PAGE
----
"They stayed a week or so after Christmas and we had such a wonderful time," Alma recalls.  "Lola seemed to be so happy being back down here with all of us and when it was time for them to go back to Oklahoma we were all very sad.  We took them back to Hico in two buggies.  While we were waiting for the train to come in, all of a sudden there was a car came around the corner of the station!  Well, Mollie was just a little thing about 8 years old and she had never seen a car before.  It scared her so bad that she ran and jumped over the fence," Alma laughs.
"I miss Big Sam already", Paw said as we were driving back home.  That was Paw's nickname for Lola.  He had nicknames for all of us kids.  He called Ollie 'Man'.  I guess it was to make Ollie feel like a big man when he was a little boy.  He called Ada "Bunch" and he just shortened Dudley's name to "Dud'.  He called Lola "Big Sam', I guess it was because she was a big girl.  "Suc' was the name he gave to Allie and he called me 'Tug'.  "There was a school teacher staying with us when I was born and Paw said what'll I call her.  The teacher said that when he was little they called him 'Tug' so Paw said well, that's what we'll call her.  He called Kate "Pos' and I don't know where he got that name.  He called Little Jim 'Hoot', Mollie was "Modie', Cubbie was 'Cuie' and Eller was "Ella'," Alma recalls.
"Paw took a notion that he wanted some oxen.  I guess he was sorta curious about how oxen worked as compared to horses so he went to east Texas and bought two black 3-year-old oxen and shipped them back to Hamilton County on the train.  They were hauling cordwood down here below Hamilton to an oil company that was drilling a well.  They used the wood for firing their boilers.  The boys were using horses to pull their wagons and Paw was driving the oxen and you know you have to walk along beside the oxen and it was a pretty long walk.  Well, Paw made two or three trips and he decided that driving oxen wasn't for him so he sold his oxen," Alma laughs.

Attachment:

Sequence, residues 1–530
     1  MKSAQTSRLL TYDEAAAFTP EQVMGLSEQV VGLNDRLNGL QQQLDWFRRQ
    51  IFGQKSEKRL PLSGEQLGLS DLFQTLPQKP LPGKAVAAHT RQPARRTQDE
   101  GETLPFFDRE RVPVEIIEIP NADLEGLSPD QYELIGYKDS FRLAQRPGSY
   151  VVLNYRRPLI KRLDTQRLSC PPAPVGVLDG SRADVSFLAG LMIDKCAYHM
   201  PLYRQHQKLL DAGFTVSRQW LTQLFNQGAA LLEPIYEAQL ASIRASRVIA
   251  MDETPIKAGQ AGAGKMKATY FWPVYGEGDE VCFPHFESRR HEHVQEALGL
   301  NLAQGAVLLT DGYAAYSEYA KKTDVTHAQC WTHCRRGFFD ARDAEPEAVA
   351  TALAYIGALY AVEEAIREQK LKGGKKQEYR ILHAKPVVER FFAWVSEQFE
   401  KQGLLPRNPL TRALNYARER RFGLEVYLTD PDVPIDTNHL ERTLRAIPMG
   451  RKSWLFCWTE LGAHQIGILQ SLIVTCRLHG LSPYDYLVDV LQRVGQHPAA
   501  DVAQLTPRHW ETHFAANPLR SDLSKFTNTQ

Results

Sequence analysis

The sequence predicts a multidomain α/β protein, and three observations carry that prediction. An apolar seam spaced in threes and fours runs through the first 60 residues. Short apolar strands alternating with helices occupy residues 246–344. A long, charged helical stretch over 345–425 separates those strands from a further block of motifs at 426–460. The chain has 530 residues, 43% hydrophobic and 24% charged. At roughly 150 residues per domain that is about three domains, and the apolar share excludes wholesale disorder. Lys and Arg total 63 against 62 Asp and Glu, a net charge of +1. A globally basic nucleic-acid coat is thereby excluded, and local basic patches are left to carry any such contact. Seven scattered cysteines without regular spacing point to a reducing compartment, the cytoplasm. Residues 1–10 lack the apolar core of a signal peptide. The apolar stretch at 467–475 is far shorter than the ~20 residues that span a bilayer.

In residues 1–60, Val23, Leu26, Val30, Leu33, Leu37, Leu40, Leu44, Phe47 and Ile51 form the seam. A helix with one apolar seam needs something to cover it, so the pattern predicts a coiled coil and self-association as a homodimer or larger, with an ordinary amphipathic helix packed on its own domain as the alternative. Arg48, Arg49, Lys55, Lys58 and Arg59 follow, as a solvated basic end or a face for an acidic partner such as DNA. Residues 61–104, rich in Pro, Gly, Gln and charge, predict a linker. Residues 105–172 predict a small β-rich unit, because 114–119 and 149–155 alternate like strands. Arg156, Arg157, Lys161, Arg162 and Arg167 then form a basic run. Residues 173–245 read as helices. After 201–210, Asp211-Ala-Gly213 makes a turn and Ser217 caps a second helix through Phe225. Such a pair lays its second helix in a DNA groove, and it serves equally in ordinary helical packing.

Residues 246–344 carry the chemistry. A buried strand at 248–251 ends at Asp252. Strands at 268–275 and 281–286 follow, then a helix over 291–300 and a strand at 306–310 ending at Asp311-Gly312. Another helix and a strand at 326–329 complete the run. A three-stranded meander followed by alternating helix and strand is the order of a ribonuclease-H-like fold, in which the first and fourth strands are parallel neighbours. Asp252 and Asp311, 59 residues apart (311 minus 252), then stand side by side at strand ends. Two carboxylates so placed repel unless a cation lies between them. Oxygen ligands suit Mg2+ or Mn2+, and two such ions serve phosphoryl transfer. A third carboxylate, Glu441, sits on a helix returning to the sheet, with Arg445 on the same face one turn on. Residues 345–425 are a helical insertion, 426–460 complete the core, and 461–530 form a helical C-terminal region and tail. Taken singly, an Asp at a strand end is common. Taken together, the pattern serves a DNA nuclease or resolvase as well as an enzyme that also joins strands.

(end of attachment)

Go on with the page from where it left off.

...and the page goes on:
"Paw loved to go coon hunting at night," Alma says.  "He bought a coon dog from someone in Ft. Worth, but the dog was a lot older than he was supposed to be.  The old dog never would stay home.  One day Ada went into her kitchen and there lay that old dog under her table.  Finally the dog left us and went all the way back to Ft. Worth."
Jim Haile was looking forward to some paint colts out of Mango, but it would be next spring before they would come along.  Mango was running loose with Jim's mares on the ranch.  "We still had old Glass-eye and I decided to ride her one day.  We weren't allowed to ride men's saddles cause it wasn't lady like.  I was riding sidesaddle and Wyley and Suc and Kate were with me on horses.  Old glass-eye was a racehorse and it was in her blood to run, so all of a sudden she took off running and it scared me to death cause I couldn't get her stopped.  Kate said, "Catch her Wyley!  Catch her"!  But he couldn't cause old Glass-eye just ran faster and faster and she could out run Wyley's horse.  Finally I got her to slow down and I started talking to her and finally got her stopped.  It was a scary thing for me," Alma recalls.
It seemed like December was a marrying month for the Hailes.  Ollie, Ada and Sue had married in December and now Dud was getting married and it was December 1908.  "The Lynches were from east Texas," Alma Remembers.  "In about 1905 they moved up there within a mile or two of our place and they had three grown girls in the family.  Before Wyley Trammel married Sue, he went with one of the girls and Dud went with another one."
Dudley Jackson Haile and Allie Lynch were married at her parent's house on December 3, 1908.  "They lived in the little gray house just down the hill from us that the other kids had lived in when they first married," laughs Alma.
The following children were born to this union.  Jim, Lillian, Mable, Gracie, D.J., Cecil, Oliver, Wilbur and Eva Murrel.
Happiness does not always remain as a constant companion to any person or family.  It was about the first of May in 1909 that Lizzie complained of her leg aching.  The next day her leg was swelled up and had turned blue.  "Paw had the doctor come out," Alma recalls.  "He pressed on Maw's gums and blood ran out.  All of her folks died from T.B. of the lungs and Maw just knew she had T.B.  The doctor said she had T.B. of the bone and not of the lungs.  The swelling never did go down and her leg was still blue.  She just laid on the bed most of the time and us girls did all the work.  I am sure that from what we know now, she had sugar diabetes, but of course, we didn't know anything about that in those days."